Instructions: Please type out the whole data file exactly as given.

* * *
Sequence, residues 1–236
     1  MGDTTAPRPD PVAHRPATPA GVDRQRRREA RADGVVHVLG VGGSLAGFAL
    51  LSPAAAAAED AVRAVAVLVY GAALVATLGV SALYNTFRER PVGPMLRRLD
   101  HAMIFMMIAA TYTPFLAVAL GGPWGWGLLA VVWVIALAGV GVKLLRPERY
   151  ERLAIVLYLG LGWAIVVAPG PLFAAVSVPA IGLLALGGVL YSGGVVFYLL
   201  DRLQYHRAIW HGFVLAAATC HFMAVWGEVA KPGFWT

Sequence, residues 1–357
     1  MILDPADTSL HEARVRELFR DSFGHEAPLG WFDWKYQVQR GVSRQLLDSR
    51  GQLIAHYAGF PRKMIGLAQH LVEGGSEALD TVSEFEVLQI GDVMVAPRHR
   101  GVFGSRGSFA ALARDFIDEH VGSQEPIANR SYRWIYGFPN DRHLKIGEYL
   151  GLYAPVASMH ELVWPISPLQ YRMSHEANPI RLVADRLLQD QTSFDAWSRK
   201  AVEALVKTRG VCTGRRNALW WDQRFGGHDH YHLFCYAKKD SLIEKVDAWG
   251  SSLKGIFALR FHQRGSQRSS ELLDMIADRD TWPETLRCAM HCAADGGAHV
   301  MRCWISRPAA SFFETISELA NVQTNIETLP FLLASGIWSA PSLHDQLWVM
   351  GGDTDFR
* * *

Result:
Sequence, residues 1–236
     1  MGDTTAPRPD PVAHRPATPA GVDRQRRREA RADGVVHVLG VGGSLAGFAL
    51  LSPAAAAAED AVRAVAVLVY GAALVATLGV SALYNTFRER PVGPMLRRLD
   101  HAMIFMMIAA TYTPFLAVAL GGPWGWGLLA VVWVIALAGV GVKLLRPERY
   151  ERLAIVLYLG LGWAIVVAPG PLFAAVSVPA IGLLALGGVL YSGGVVFYLL
   201  DRLQYHRAIW HGFVLAAATC HFMAVWGEVA KPGFWT

Sequence, residues 1–357
     1  MILDPADTSL HEARVRELFR DSFGHEAPLG WFDWKYQVQR GVSRQLLDSR
    51  GQLIAHYAGF PRKMIGLAQH LVEGGSEALD TVSEFEVLQI GDVMVAPRHR
   101  GVFGSRGSFA ALARDFIDEH VGSQEPIANR SYRWIYGFPN DRHLKIGEYL
   151  GLYAPVASMH ELVWPISPLQ YRMSHEANPI RLVADRLLQD QTSFDAWSRK
   201  AVEALVKTRG VCTGRRNALW WDQRFGGHDH YHLFCYAKKD SLIEKVDAWG
   251  SSLKGIFALR FHQRGSQRSS ELLDMIADRD TWPETLRCAM HCAADGGAHV
   301  MRCWISRPAA SFFETISELA NVQTNIETLP FLLASGIWSA PSLHDQLWVM
   351  GGDTDFR